News

Share with :

Sandra Lansade (TBS 2021) : does remote work keep its promises ?

15 January 2022 Alumni

Sandra Lansade (Executive MBA TBS 2021)devoted her thesis to the new ways of working and in particular the remote work. Today, she wishes to share with us the results of her study based on a survey of experts and Human Resources managers operating in companies of various sizes and sectors.

Fewly developed until then in France, the practice of remote work suddenly accelerated during the recent COVID-19 sanitary crisis. Implemented urgently and in a sustained way, the large-scale forced experimentation made it possible to highlight the « pros and cons » of this new way of working and to challenge managerial practices and organizational models.

While being a transformation catalyst in many ways, is remote work however a driver of performance and of attractiveness for companies? What are the major impacts of this new way of working ?

First notable change : the despatialization induced by remote work. The office is no longer the only place of work; the home becomes a workspace like any other, just like coworking spaces or third places which are now increasingly open to employees. The heart of the company is also changing with the development of desk-sharing or flex-office, both of which are based on optimizing office space. Among the companies surveyed, 73% have - or will - rethink their office spaces and 36% of them will implement flex office, which confirms that remote work is leading companies to rethink their workspace.

 

Besides, working remotely involves managerial practices based on trust, fostering employee empowerment and autonomy, forcing managers to focus on objectives and associated results - and not on tasks and presenteeism. All of this in a communication style renewal to adapt to the digital era.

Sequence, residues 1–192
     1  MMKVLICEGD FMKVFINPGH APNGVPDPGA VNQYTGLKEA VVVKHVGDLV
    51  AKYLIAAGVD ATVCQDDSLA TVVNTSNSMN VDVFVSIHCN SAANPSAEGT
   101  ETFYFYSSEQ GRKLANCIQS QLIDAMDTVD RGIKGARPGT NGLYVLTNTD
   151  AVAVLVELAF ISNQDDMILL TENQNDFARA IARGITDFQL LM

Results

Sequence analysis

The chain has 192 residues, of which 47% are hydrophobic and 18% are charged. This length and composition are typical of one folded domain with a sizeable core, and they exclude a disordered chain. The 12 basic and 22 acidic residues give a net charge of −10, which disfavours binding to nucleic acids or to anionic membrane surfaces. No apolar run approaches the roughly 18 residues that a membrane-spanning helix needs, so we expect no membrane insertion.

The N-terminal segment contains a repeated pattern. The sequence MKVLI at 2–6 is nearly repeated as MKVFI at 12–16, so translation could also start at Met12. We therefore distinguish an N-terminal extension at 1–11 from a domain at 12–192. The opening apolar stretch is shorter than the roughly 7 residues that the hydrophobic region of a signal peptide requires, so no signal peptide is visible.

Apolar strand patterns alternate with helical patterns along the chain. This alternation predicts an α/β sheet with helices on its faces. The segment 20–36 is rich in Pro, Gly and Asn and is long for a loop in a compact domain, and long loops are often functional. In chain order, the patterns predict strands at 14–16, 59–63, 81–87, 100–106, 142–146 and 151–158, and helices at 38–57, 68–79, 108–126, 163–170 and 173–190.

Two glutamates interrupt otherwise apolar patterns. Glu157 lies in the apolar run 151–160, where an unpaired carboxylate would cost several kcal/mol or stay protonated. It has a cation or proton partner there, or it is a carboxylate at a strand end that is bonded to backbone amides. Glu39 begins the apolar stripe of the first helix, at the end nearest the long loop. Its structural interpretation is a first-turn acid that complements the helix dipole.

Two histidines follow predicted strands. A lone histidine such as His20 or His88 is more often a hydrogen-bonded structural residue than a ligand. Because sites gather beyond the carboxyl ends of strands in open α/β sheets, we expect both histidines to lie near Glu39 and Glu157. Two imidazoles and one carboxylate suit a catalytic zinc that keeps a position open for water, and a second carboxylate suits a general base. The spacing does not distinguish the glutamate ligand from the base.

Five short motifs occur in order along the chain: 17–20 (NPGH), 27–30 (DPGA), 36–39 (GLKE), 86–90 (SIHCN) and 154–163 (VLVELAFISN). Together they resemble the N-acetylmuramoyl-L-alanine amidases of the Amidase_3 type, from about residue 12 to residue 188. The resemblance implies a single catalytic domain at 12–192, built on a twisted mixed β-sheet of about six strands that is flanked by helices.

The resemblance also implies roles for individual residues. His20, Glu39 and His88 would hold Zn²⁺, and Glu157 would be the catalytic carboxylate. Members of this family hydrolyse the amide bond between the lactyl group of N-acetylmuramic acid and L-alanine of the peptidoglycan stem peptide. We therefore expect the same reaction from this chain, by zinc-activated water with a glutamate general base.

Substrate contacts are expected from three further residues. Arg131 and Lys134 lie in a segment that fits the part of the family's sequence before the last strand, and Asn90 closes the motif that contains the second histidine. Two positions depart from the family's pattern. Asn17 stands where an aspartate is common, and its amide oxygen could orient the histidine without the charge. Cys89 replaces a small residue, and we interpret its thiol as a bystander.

Organizations must also adapt by offering new processes and tools. But above all, remote work leads them to review their values, their strategy, and their way of managing. Many of them, more specifically the larger companies, have made the choice to implement organized and chosen remote work. The study shows that most companies are opting for measured remote work; 2 to 3 days on average, which already represents a notable increase compared to preCovid-19 practices. Aware of the strong societal expectations in this area and moreover driven by the need to retain talent, companies are standardizing this practice, even though the effects on performance still need to be verified. Trends can be indeed observed but it is too early to draw conclusions.

The HR manager of a transport company in the tertiary sector points out that "there are still a certain number of effects that we are not able to measure because we do not yet have enough perspective, particularly on a cultural standpoint».

Thus, of the ten HR managers interviewed :

 

No one is firmly committed to saying that the overall performance has been improved because it remains very difficult to measure ; moreover the experience achieved during the ‘COVID’ period is very different from normal operation. The HR manager of the transport group affirms: